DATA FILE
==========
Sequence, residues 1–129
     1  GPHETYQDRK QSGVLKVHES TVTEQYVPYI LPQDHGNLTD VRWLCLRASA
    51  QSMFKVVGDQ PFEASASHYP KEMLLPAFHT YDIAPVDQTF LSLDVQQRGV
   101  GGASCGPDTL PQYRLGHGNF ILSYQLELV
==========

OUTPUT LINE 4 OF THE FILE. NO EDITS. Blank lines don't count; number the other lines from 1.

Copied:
   101  GGASCGPDTL PQYRLGHGNF ILSYQLELV